That do not serve a story, but strung together like popcorn generalizations in order to evoke certain emotions: wishes burning rolled into a campfire, lost glasses and blurry stars on trampoline, sunburnt stone wall tightropes, warm bruises from skin friction: we grew up,
At last, we have the winner of the October monthly writing contest! Congratulations to Natalie Danckers and her flash fiction piece, "This is How it Happened." As a reminder, the prompt for October was to write your own urban legend. Also, some glowing reviews for the winning piece:
"This was superbly written and had a creative and relatable premise." --The Not New York Times
"It does speak to a real human experience, which I appreciate." --The Not Wall Street Journal
"It’s so meta, I love it!" --The Not Thresher
So settle in, 'cause you're in for a treat! With that, here is the winning story!!
This is How it Happened
This is how it happened: It was two months after he had gone and she was lying listlessly on the couch, her face rigid under a fine layer of salt. In of the corner of her mind, she heard the TV: “Conjoined twins said to have combined IQ over 300.” By the time this had registered, it was too late and she was hooked, her vaguely sarcastic thoughts – “honestly I would have thought it would be much higher” – an inadequate defense.
She noticed it a few weeks later when she had summoned the courage to venture out to the nearby grocery store. While waiting in line at the checkout, she felt drawn to a trashily dishonest magazine slouching shamelessly in the metal rack. “UFO spotted over Waco, Texas”. Not really all that surprising. “Businessman attacks coworker with fork”. Was it plastic or metal? That could make all the difference. “Kris Jenner instigates bar fight in Seattle”. I mean, if I had a family like that – “Ma’am? Are you ready?” She looked blankly at the cashier, more irritated than apologetic, and scooped a head of lettuce onto the sticky conveyer belt.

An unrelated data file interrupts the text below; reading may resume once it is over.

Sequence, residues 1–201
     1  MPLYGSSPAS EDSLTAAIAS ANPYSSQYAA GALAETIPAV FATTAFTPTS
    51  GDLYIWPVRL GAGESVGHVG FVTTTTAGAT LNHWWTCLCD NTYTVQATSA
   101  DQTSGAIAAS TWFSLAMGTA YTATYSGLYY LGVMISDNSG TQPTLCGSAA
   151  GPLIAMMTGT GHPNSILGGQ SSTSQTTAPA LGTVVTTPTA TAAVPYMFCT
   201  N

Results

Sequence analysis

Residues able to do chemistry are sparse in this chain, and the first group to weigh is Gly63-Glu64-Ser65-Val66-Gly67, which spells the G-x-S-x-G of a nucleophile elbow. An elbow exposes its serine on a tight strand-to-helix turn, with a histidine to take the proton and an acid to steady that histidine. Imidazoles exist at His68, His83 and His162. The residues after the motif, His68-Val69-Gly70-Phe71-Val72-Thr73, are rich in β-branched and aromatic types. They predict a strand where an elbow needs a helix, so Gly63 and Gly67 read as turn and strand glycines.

Back on the couch, she landed on an obscure cable channel that seemed to be conducting a legitimate debate in regard to the existence of Sasquatch. One scientist was wildly gesturing at a fuzzy video while the other shook his head, managing to look both incredulous and depressed. Looking at the former, she felt that she had never cared about anything that much in her life. The thought relieved her.
She was in her cubicle, having braved the deluge of sympathetic looks at the front desk. She sought refuge in the headlines she had read that morning: “Abandoned Rice a Roni Factory Occupied by Goat-People”. “Moscow’s Tap Water Actually 20% Vodka”… After arriving home from the grocery store a month ago, she had subscribed to the magazine and received weekly mailings. She lived for this: the unreal, the extraordinary, the scandalous. Because if she let herself think about him, even for a minute, she would find herself drowning, sinking into an abyss; sooner or later she would become the “Mummified Woman found in Suburban House 15 Years After Death.” She would become the reality of what she escaped reality with. And nothing, not even “Cannibal on Death Row Requests Human Child as Last Meal”, could be worse than that.
Apologies for not posting the prompt here sooner! But at least, here's a quick reminder as Thanksgiving break rolls around the corner. Perhaps you'll snag a few minutes to write something to submit! :D
This month, the prompt is a single word, and that is
The same guidelines as last month apply:
Please email submissions as a Word document to email@example.com by 11:59 on November 31st!
Lastly, for your Facebook needs, HERE is the link to the Facebook event page.
Beauty is terror. Whatever we call beautiful, we quiver before it.
R2: The Rice Review
Rice University's undergraduate literary magazine. Here you can find event updates, monthly writing contest winners, and opinions by the R2 staff on what's new, interesting, or subject to discussion in the literary and arts world.